randomly chosen to complete the survey.
The results of survey were very positive:
• Of the members (1623 people) who had
work completed during the quarter, 97%
(1581) were satisfied with the overall
maintenance service.
• This is up four percent on figures from
the same quarter in the previous year.
• DHA’s customer service performance
showed that of the 1616 respondents,
93% (1501) of respondents were
satisfied with DHA customer service.
• This is a rise of two percent when
compared with the March 06/07
result (91%).
The main reasons for dissatisfaction
were DHA taking too long to organise the
job and the member having to follow up.
• Of the 1611 respondents, 1572 (98%)
respondents were satisfied with
contractor services. This is up four
percent on last year.
• The main reasons for dissatisfaction
with contractor service were quality of
workmanship and the tenant having to
clean up after the contractor.
DHA reports on its maintenance survery
results quarterly, results are are available
via the DHA website (www.dha.gov.au).
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Army May 29, 2008
Laughter: Pte Adam Tanner engages with local kids during a patrol near
FOB Lyddiard.
Position: Cpl Andrei Mazourenko positions his section near FOB
Worsley at the entrance to the Baluchi Valley.
Engaged: An RTF 4 soldier with an Afghan man at a vehicle checkpoint near Tarin Kowt.
In harbour: Bushmasters provide security at the site for the new forward operating
base in the Baluchi Valley.
Watchful: Capt Rachel Brennan and RSM WO1
Steven Di Tullio at FOB Lyddiard.
True grit: Maj
Andrew Dahl
talks to his
troops after
patrolling in
Shah Zafar.
Reconstruction Task Force 4 has hit the ground running,
pushing into the strongholds of Taliban extremists.
Report by Capt Douglas McGuire, photos by Cpl Neil Ruskin
USTRALIAN soldiers have begun
a major push into the Taliban heartland of Oruzgan province in southern
Afghanistan with the intent of pushing
out the Taliban, restoring vital infrastructure
and creating a safe environment for the Afghan
The push is being spearheaded by engineers, infantry, cavalry and support troops of the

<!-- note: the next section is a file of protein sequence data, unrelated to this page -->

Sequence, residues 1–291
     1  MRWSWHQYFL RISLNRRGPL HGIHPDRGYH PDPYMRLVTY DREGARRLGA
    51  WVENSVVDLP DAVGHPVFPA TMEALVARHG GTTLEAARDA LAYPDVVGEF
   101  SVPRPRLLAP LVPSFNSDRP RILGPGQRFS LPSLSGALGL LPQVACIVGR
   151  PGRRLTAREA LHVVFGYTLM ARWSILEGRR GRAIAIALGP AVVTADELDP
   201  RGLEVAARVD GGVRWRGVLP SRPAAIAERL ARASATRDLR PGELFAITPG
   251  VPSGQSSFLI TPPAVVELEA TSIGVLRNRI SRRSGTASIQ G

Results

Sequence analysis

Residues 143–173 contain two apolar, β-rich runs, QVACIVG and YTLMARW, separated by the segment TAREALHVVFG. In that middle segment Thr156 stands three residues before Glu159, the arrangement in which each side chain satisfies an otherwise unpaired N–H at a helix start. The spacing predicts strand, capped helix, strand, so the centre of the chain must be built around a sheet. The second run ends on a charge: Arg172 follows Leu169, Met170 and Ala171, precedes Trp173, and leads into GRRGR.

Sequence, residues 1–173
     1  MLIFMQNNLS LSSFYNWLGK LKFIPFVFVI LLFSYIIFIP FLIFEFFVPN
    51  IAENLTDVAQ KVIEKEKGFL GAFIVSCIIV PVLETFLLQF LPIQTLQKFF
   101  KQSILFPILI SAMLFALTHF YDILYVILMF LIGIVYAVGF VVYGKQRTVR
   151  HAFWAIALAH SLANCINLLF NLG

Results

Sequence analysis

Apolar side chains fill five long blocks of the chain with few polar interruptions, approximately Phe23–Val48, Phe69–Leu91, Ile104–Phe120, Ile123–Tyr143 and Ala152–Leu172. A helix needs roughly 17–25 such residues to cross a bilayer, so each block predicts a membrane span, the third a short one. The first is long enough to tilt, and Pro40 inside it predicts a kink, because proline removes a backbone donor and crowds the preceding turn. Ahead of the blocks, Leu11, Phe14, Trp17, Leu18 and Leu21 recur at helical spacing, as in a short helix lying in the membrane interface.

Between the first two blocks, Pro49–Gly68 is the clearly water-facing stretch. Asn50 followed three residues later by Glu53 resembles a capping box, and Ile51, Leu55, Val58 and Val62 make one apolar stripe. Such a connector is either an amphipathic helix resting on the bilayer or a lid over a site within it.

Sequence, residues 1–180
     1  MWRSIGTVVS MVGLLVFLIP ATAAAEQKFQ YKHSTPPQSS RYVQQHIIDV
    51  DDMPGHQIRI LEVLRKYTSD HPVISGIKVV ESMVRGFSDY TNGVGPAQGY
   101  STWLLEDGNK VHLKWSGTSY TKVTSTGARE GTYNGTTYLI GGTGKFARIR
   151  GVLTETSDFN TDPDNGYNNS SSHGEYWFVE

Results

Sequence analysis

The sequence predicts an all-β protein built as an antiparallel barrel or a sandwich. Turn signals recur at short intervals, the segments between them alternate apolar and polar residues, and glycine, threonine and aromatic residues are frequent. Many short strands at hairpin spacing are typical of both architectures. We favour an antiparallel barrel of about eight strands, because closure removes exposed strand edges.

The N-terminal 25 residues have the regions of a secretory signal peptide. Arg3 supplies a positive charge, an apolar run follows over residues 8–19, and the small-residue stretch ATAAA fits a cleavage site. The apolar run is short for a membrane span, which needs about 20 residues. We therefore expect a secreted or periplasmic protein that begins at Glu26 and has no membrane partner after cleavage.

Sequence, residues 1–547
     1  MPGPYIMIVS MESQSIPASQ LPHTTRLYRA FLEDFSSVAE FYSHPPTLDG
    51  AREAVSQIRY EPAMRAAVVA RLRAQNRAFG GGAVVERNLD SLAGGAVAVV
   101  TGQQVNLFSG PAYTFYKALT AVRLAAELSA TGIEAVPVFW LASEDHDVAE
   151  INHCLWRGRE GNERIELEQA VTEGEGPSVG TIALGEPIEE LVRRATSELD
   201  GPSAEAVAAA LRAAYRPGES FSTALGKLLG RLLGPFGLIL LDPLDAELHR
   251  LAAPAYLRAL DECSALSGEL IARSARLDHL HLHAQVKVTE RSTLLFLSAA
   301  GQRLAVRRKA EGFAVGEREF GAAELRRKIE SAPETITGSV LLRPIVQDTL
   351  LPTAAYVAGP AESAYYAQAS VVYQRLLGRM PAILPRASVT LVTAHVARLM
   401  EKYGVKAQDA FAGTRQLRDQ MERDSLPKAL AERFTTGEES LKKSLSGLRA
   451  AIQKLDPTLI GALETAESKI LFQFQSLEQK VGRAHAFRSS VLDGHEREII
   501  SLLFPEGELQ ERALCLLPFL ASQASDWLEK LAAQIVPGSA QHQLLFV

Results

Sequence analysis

Reconstruction Task Force 4.
RTF 4 CO Lt-Col Stuart Yeaman said the task
force had moved into the Baluchi region, north of
its base at Tarin Kowt, as part of a joint coalition
“This is an area of huge tactical and strategic
significance for the Taliban extremists,” Lt-Col
Yeaman said.
“This is the Taliban’s back yard and we are right
on their main supply route between Helmand province and their supply bases to the north.
“The aim of this series of operations is to
clear out the Taliban, and then build the physical
infrastructure – patrol bases particularly – which
will allow the Afghan National Army (ANA) and
police, with support from the International Security
Assistance Force, to dominate these areas.”
RTF 4 took over responsibility for its area in
April and has already built on work done by the
previous rotation, reinforcing patrol bases and carrying out a series of vehicle and foot patrols in the
“green zone” an area of small irrigated farms bordering the desert.
Lt-Col Yeaman said the diggers had received a
warm reception from the local people.
“They really seem to welcome our presence
here. I think they have a real desire for a peaceful
future, and they see our operations with the ANA
and the police as a step in the right direction,” he
“This has been a stronghold for the extremists in
the past, and we don’t expect that they will simply
accept our presence here, and the disruption which
we are causing to their operations.
“We have been working very closely with the
local military and police and this is having significant spin-offs in terms of starting to build a relationship with the local people.
“Just months ago Taliban extremists were able
to operate almost unhindered here, now the situation is very different. It’s fair to say that these operations, which are happening across Afghanistan,
are having a real, positive impact on the security
He said a delicate balance was required between
overcoming the Taliban by force and making them
irrelevant through capacity building and winning
the hearts and minds of the local population.
“Longer term capacity building will be the way
the Taliban is finally defeated. We are seeing clear
evidence of that starting to happen here on the
ground in Oruzgan province,” he said.
Guardian: Pte Thomas Saunders provides security for his section near FOB Worsley.
Accuracy: Pte Kenneth Richards and Pte Karl Stait bed in mortars
at Forward Operating Base Worsley.
Break time: Soldiers take a break during a patrol near FOB Worsley
in the Baluchi Valley.
Army May 29, 2008
Questions over Where are my stripes?
DHOAS lenders
I WAS promoted to sergeant at the
start of this year and I’m finding it
quite difficult to get items issued
that I require.
I AM writing about the new Defence Procurement processes used by Defence
Home Owners Assistance Scheme Support Group were overseen by a senior
(DHOAS) which takes effect on July 1. steering group and independent tender
I don’t understand how, after a socalled rigorous tendering program, the
ADF conveniently finished with NAB,
Defcredit and ADCU.
I have investigated the pros and cons
of the aforementioned lenders and one
thing is clear: none of these lenders
are offering competitive rates. In fact,
after investigation, I found that if you
went with the NAB, which is one of the
most uncompetitive banks out there, you
would end up the same, and in some
cases a little worse off, depending on
your financial situation.
The big question I would like
answered is why there isn’t a larger
group of the major banks offered, such
as the ANZ, Bank West etc? If it is question of administration, surely it is only
a matter of entering different BSB and
bank account details, which Defence
already has.
I thought this was supposed to be a